He had another slight upset in that he has most of the same subject teachers as last year and his head of year (DT – diretor/a de turma) is his Maths teacher who he, well, let’s just say he doesn’t favour her much! He finds her intimidating and scary which isn’t good for the teacher who is supposed to be your “go-to-person” if you have any problems! I, however, find NO school teacher scary (I just have a problem with schools themselves!) and will have no qualms about giving her what for if she upsets my boy!  He’ll be ok, I think. Certainly, there are a few students from his previous year who it will benefit him to be away from!

So, we head into the new school year making new starts. New schools, new classes. Bring it on!

Gratuitous blue sky shot!


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I certainly didn’t intend to leave it for over a month before writing a new blog post. Things kinda just ran away from me.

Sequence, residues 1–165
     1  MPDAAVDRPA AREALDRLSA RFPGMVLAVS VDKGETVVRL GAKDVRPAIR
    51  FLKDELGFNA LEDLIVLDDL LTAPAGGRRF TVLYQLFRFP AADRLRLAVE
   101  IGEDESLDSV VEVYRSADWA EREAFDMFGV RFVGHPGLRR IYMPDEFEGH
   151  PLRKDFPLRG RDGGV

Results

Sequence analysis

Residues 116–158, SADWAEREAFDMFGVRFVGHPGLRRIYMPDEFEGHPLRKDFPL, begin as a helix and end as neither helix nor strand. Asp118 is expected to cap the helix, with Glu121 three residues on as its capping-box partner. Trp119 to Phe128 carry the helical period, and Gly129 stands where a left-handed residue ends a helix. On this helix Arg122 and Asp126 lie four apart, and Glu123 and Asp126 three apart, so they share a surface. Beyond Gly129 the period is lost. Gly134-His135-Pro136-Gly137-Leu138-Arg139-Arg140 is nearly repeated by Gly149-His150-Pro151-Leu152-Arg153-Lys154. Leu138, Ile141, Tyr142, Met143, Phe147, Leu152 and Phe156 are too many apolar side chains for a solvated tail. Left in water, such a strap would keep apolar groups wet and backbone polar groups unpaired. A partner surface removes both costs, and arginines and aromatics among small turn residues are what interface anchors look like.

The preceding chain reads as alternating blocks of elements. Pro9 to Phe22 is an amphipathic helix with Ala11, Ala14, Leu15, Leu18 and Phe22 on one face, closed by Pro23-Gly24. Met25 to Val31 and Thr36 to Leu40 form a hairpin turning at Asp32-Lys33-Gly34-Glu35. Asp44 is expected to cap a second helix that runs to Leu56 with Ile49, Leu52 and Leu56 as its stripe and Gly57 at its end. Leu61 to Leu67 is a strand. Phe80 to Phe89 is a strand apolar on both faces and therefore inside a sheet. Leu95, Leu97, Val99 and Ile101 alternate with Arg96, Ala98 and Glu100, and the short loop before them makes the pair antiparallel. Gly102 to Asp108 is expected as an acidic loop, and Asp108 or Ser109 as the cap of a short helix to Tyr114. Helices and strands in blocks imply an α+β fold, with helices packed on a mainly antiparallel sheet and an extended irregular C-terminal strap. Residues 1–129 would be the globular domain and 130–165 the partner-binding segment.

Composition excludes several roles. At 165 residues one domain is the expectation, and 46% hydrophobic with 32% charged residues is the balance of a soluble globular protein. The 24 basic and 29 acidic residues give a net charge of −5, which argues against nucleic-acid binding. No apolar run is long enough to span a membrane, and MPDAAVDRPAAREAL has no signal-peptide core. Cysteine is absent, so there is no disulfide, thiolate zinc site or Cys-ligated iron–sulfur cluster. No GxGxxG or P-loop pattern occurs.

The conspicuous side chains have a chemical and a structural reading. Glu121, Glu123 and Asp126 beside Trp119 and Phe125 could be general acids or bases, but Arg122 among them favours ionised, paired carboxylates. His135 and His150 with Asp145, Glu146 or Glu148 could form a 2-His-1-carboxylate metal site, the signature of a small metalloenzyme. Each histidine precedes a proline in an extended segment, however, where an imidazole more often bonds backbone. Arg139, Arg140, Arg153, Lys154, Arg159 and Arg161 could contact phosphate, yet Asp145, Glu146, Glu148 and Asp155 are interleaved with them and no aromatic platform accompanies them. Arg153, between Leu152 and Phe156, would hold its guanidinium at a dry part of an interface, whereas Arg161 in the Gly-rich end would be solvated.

I’m not even going to go into great detail about what’s happened in those missing 4-5 weeks really (although that doesn’t mean this won’t be a long ramble!)

Let’s try categories to break things down a bit.


Jake did really well in term 1. He passed all subjects apart from History and Science. He was close to getting better than average grades in some of the subjects too (obviously, he got top grade in English!) so he was pleased overall with his results. He placed in the top third of his class and we all know that, with more Portuguese language under his belt, he’ll get even better. His private lessons are still ongoing and these certainly help.